A PLANNING inspector has awarded £5,000 costs against the borough council after deciding it had acted “unreasonably”.
Inspector Alan Robinson awarded the cash to Mr and Mrs A Burslem after mostly granting their applications regarding Burton Nurseries.
The couple had initially been refused permission by the borough council for three areas of hardstanding, links between glass houses and an extension to another building, together with a proposed walkway, at the Chester High Road business.
The Burslems appealed to Communities and Local Government secretary Hazel Blears, who appointed Mr Robinson to decide their plans on appeal.
He decided the links and extension, which had already been erected, are largely out of sight, although they do involve a small loss of openness.
However, the walkway would be “easily seen” from a car park and the access to the garden centre from Mudhouse Lane, and involve a more significant loss of openness.
The borough council's concern related solely to the hardstandings, said Mr Robinson.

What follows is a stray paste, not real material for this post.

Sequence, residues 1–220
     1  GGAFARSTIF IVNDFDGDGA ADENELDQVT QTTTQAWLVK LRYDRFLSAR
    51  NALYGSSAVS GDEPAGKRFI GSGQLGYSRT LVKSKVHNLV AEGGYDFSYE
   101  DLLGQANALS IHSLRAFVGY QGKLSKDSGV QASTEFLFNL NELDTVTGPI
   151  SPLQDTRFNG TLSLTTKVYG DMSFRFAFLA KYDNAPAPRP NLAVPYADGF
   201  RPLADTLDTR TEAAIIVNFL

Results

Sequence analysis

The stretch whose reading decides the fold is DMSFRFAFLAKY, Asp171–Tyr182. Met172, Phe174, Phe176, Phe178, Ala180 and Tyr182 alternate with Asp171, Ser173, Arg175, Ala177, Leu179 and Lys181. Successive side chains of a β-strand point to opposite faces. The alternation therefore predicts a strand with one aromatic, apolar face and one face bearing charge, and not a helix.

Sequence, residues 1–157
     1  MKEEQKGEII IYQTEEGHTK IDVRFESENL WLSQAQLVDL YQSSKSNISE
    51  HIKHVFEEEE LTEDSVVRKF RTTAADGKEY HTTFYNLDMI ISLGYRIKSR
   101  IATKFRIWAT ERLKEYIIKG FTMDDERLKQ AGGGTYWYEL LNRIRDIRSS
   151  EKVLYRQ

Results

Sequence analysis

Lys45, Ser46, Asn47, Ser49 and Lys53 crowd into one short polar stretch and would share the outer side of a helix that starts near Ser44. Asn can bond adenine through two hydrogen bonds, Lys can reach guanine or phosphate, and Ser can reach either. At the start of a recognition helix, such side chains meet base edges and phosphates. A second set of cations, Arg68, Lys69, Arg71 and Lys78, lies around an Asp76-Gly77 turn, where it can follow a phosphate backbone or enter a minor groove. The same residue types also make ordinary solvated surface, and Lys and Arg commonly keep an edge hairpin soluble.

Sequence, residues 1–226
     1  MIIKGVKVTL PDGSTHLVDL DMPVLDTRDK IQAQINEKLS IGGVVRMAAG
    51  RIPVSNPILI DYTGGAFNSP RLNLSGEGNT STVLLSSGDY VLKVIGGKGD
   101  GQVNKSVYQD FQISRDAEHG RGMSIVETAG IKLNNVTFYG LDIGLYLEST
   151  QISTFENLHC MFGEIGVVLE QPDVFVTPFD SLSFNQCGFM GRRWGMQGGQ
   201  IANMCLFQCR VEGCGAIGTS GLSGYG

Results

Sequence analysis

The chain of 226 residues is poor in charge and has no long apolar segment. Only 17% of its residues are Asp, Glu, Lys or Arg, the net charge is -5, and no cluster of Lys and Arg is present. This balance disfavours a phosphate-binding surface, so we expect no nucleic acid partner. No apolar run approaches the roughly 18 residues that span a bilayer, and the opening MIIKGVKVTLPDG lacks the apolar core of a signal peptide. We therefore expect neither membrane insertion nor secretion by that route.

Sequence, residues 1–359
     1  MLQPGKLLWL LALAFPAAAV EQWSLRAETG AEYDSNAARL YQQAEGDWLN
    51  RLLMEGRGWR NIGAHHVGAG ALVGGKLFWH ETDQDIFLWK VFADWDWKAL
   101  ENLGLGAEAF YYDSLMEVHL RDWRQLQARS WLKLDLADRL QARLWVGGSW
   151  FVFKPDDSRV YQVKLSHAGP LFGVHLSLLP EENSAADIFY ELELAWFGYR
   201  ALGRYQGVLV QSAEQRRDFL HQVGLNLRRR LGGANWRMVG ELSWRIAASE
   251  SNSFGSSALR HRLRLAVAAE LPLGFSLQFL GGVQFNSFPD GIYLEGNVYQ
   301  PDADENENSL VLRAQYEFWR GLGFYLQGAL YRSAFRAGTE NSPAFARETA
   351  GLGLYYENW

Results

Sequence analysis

He said it was “unlikely” anyone passing or visiting the centre would notice them, and he concluded they would not affect the visual amenity of the Green Belt.
Mr Robinson said that, with the exception of the walkway, he believed Mr and Mrs Burslem’s case was “compelling”.
The inspector largely allowed the appeals and granted permission for the hardstandings and links, but not the walkway.
In a separate ruling, he said he believed the borough council had not supported its reasons for refusal.
Its arguments, he felt, had ignored the site’s previous planning permissions.
Mr Robinson decided the council had acted “unreasonably” and caused Mr and Mrs Burslem unnecessary expense.